Jordan’s Zico: the Football Legend

By Mohammad Aburumman

تم نشره في Mon 17 April / Apr 2017. 11:00 PM
  • Mohammad Aburumman

Really! The younger generations of Jordanian youth, who now fight over universal stars of soccer, have not lived until they have seen the Jordanian passion for football back in the eighties.

They do not know of the times when thousands of passionate Jordanians would amass at the Amman International Stadium to root for the National team or the Feisali FC. How would they?

Crowds upon crowds chanted his name, rocked the Stadium for years; he was, Khaled Awad.

The crowds called him ‘Zico’, after Brazil’s own soccer star at the time. And last night, the legend of Jordanian football, Khaled ‘Zico’ Awad passed away.

For years, Awad was dedicated to the Jordanian Football Association, overseeing the young talents.

The project was founded by Prince Ali, to look for and train young talented footballers, and Zico was charged with it, to give the younglings all the expertise and knowledge he had.

Notably, the legend had attained the highest global training degrees and certificates. Hence, he was the best fit for the job.

More so, despite the decades which have passed since Awad retired, the gap he left remained vacant, be it in the Feisali or the National Football team.

He had unique individual style and techniques, with an incredibly encompassing presence on the pitch.

He, along with Jamal Abu Abed, made an outstanding duet that was exceptional to the Jordanian football scene, next to the talents of their time, like Ibrahim Saadieh, Tawfiq Saheb, and others who still inspire Jordanian footballers.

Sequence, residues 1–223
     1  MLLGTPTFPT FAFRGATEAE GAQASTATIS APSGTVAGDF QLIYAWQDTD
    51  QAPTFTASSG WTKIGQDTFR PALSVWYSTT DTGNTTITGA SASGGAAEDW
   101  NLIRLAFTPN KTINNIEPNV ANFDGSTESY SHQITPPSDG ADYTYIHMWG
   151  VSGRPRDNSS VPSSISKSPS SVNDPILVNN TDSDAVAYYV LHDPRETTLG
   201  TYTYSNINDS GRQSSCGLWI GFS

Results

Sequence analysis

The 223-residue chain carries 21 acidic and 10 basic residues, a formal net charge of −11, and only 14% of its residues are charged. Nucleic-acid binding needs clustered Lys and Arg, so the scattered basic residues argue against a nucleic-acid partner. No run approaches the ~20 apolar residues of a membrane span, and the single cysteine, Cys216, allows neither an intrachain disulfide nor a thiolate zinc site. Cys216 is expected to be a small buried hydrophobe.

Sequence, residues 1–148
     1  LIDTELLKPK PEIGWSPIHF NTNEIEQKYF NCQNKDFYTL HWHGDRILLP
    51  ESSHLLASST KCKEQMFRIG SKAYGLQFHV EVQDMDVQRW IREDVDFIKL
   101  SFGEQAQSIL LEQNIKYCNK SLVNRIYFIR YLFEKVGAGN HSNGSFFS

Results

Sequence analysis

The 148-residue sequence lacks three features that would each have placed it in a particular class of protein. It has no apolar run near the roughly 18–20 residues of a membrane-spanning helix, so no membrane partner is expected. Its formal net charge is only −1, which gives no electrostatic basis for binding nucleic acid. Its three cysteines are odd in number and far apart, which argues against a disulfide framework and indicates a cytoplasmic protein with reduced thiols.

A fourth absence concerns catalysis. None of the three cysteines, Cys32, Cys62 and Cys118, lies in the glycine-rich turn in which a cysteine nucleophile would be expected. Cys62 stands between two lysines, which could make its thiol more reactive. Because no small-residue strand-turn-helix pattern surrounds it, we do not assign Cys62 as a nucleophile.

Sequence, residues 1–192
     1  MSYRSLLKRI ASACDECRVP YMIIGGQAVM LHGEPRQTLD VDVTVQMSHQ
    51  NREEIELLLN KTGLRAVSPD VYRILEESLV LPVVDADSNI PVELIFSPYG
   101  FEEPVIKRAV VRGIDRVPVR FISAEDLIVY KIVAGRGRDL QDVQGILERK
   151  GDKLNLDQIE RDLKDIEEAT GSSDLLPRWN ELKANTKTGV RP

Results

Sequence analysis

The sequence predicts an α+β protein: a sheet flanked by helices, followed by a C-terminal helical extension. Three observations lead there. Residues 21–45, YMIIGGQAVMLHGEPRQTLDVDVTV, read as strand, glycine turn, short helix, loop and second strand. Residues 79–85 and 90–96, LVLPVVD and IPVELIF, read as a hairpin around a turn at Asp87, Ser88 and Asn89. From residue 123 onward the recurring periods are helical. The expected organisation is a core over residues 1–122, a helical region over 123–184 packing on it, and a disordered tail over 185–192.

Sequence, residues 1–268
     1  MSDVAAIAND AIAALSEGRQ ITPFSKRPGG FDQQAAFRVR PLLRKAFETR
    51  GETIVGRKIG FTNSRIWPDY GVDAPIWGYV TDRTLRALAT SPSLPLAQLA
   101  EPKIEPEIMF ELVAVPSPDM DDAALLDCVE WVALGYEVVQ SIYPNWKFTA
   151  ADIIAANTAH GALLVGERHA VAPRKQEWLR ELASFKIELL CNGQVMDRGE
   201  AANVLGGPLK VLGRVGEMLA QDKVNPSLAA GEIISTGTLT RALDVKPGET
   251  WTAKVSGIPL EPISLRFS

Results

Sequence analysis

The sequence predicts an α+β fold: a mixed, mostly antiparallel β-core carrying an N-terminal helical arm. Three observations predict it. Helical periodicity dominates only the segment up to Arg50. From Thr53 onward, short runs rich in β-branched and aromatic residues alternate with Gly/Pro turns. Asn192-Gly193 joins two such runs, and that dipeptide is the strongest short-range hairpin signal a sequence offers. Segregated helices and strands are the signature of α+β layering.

The least we can do, for Awad, who spent his years in service of his country and his club, a legend of Jordanian football, to give him the farewell ceremony he deserves. Not only as an athlete, but as a symbol of our nation.

Awad was a soldier of inspiration, one of the country’s most influential soft forces. And his departure must be so vain as to simply gather some colleagues around to bid the legend farewell; No!

A legend of his magnitude deserves a fitting farewell. So does every writer, artist, thinker, and academic. Greatness is a national treasure, and the loss of such greatness is a national misfortune that is hardly ever compensated!

Similarly, football today is no longer exclusive to a certain segment or class in society.

It is no longer a cultural characteristic of one social group without the other. Soccer in Jordan is popularised, and it has taken a complex social, political, economic discourse to become an industry on its own; trademarks, FCs, scouts, recruiters.

Anyone who pays a little attention to the younger generations would notice how attached they are to sports, football in particular.

To invest in this could make a gapping difference on a massive scale, when it comes to safeguarding our youth from drugs and the turn to extremism.

Even now, as we address the ongoing debate on education and reformation, sports, football, and arts, are among the main interests of those in charge of reforming education. And it will soon be a part of the general assessment platform for students and student development programmes.

Accordingly, to reiterate the importance of an integrated educational system, governments must reconfigure their lenses when it comes to the questions of sports.

Sports and arts should prised among our top priorities, in terms of education, infrastructures, training, and preparations.

Meanwhile, football legend Zico, or Khaled Awad, deserves a national farewell ceremony. One which would sound our appreciation for what he has given us, and our pride in his talent and in him. He is no less any of the other global football stars.

More so, he remained loyal to his country and club, and gave everything he had to better himself and others.

This article is an edited translation of the Arabic version, published by AlGhad.

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